Synopsis by Mark Deming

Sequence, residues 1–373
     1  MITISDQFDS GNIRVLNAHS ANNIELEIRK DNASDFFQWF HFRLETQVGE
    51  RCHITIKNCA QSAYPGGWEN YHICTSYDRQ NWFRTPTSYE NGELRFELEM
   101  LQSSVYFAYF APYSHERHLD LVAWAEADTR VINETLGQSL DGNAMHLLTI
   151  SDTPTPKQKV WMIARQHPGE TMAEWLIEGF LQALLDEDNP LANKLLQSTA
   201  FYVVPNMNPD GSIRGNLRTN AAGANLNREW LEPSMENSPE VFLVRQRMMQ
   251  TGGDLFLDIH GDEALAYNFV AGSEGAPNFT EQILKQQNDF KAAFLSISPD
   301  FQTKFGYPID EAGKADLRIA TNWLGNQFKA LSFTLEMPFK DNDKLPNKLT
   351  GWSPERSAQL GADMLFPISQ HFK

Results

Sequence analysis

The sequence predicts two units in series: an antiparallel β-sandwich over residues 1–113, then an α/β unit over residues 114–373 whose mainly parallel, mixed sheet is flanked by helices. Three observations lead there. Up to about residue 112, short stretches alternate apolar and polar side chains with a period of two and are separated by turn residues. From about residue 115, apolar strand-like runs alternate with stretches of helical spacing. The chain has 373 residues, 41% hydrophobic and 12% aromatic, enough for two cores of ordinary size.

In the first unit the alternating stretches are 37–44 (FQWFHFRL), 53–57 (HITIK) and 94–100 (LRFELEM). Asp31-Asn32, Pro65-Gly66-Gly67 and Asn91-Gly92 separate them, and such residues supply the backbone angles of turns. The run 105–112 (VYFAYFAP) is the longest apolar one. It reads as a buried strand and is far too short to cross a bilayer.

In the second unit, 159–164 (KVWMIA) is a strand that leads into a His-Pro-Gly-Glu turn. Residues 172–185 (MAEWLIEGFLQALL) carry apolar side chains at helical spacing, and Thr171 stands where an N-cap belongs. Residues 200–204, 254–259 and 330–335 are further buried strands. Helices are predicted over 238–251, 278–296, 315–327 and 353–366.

Robert Williams was an anomaly in the 1950s during the dawning days of the Civil Rights Movement -- while most African-American leaders espoused peaceful resistance and abhorred violence, Williams advocated meeting force with force, and suggested that blacks should arm themselves for their own protection in his controversial book Negroes With Guns as well as his outspoken newsletter The Crusader. Williams' bold views were not the only thing about him that caused a stir; an incident involving a civil rights protest in 1961 led to Williams being charged with kidnapping by the FBI (charges which were later dropped), and the author and activist went into exile, living for a while in Cuba (where he broadcast a radio show into the southern United States, Radio Free Dixie) and later in China (as a guest of Mao Tse-tung). Negroes With Guns: Rob Williams and Black Power is a documentary (created with the cooperation of Williams' estate) that looks at the private and public lives of a brilliant but wildly controversial man. Negroes With Guns: Rob Williams and Black Power was screened as part of the 2004 Los Angeles Film Festival.